ALMA Advanced Radiometric Phase Calibration Techniques

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ALMA Advanced Radiometric Phase Calibration Techniques

Welcome! This page describes work undertaken at the Cavendish Astrophysics Group, developing phase correction algorithms and software for the Atacama Large Millimetre Array (ALMA). Without correction, phase fluctuations, mainly arising from the water content of the atmosphere, would limit ALMA's performance. Our main aim is computing optimal phase corrections using the measurements from ALMA's water vapour radiometry system . Ultimately, this will ensure ALMA is more sensitive, produces better quality images and can exploit wider weather conditions (an increase in efficiency). At the end of our project we will deliver a complete software package to perform these optimal corrections, which is fully integrated into the ALMA system. In the mean time, we have been making all of our software available as we go along (see our software page). For further details on our methods, see the algorithms page or our publications.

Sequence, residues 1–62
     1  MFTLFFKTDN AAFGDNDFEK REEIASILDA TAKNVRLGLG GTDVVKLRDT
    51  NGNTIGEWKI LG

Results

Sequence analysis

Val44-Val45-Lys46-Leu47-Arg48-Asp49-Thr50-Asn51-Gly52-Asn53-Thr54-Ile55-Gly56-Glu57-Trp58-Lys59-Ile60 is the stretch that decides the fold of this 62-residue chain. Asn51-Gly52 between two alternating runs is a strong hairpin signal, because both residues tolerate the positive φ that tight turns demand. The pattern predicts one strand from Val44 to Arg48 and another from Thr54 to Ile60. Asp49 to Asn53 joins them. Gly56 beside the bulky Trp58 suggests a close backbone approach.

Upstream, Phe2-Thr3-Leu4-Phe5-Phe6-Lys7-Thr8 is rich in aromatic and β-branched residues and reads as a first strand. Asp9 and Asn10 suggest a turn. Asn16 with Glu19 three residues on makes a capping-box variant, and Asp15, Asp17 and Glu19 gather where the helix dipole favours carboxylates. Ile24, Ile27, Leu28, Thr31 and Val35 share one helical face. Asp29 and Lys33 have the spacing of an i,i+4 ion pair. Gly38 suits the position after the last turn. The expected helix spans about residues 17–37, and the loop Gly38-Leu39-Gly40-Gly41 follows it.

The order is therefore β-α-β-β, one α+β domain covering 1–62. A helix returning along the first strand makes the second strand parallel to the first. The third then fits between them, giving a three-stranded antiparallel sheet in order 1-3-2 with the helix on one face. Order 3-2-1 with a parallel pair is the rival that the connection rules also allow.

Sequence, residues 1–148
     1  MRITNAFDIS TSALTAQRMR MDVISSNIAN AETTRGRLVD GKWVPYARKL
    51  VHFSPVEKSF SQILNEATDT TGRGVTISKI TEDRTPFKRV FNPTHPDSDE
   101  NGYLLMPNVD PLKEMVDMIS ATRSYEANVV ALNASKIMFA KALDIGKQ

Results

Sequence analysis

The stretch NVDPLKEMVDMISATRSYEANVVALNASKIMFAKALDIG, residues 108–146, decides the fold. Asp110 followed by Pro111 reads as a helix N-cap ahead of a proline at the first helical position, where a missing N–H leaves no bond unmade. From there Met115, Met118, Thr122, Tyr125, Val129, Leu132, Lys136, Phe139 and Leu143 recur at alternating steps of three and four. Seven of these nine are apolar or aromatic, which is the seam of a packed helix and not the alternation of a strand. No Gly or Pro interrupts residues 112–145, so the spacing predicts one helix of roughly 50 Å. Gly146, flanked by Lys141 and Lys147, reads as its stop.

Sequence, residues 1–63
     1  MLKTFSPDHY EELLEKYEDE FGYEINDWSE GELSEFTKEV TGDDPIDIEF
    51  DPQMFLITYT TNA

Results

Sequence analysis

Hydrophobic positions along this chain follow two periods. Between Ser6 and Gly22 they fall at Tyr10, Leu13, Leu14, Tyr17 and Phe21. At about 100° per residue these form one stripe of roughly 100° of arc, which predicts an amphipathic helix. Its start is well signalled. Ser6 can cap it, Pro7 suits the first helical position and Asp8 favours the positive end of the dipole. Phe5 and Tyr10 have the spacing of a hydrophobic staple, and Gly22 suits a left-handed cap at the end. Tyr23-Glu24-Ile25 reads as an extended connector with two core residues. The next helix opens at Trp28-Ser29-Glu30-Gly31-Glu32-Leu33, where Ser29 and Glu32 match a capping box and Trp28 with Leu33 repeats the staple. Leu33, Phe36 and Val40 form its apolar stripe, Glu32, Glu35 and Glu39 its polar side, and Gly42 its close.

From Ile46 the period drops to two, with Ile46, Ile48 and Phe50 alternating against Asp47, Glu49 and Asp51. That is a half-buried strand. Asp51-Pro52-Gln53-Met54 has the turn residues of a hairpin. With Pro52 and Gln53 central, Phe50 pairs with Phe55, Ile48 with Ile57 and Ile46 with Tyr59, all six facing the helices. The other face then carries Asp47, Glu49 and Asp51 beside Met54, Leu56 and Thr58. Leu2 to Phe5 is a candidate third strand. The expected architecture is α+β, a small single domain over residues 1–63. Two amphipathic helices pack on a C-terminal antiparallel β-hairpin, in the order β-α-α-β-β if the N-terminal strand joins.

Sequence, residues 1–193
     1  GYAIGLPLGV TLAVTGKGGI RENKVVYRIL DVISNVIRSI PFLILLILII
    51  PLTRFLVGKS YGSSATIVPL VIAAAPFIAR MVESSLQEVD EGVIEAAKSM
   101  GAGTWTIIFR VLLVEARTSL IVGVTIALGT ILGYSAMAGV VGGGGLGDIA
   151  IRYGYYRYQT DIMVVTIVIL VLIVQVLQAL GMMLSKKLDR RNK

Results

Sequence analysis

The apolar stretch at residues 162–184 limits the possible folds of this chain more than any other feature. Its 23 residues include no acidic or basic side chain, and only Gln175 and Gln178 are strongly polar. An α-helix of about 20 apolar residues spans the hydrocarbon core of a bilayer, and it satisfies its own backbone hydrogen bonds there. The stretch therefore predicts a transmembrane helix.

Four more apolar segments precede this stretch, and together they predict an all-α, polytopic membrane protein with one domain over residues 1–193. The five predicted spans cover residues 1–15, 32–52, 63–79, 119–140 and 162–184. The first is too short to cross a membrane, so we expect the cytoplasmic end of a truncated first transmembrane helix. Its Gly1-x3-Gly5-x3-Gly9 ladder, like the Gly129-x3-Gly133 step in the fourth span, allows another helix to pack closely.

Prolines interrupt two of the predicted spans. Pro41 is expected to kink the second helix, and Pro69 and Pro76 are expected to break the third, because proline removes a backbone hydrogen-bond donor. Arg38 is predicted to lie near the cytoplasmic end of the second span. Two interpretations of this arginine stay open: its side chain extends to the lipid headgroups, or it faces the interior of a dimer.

fp6logo Our work is supported by the European Commission's Sixth Framework Programme as part of the wider 'Enhancement of Early ALMA Science' project, managed by the European Southern Observatory (ESO). This infrastructure enhancement comprises six distinct workpackages:

  • WP1-4: Design, manufacture and integration of six Band 5 (163-211 GHz) receivers for ALMA
  • WP5: Advanced Radiometric Phase Calibration (this work)
  • WP6: Design and implementation of data reduction software for on-the-fly interferometry


The following people are currently involved in the phase calibration workpackage, based at the Cavendish Astrophysics Group in the University of Cambridge:

  • Sarah Graves (from 2011)
  • Rosie Bolton (from 2011)
  • Emily Curtis (April 2009 -- September 2010)
  • Bojan Nikolic
  • John Richer (PI)

Until October 2007 our workpackage was led by Richard Hills, who moved at that time to be the ALMA Project Scientist and we still enjoy collaborating with Richard on this occasionally.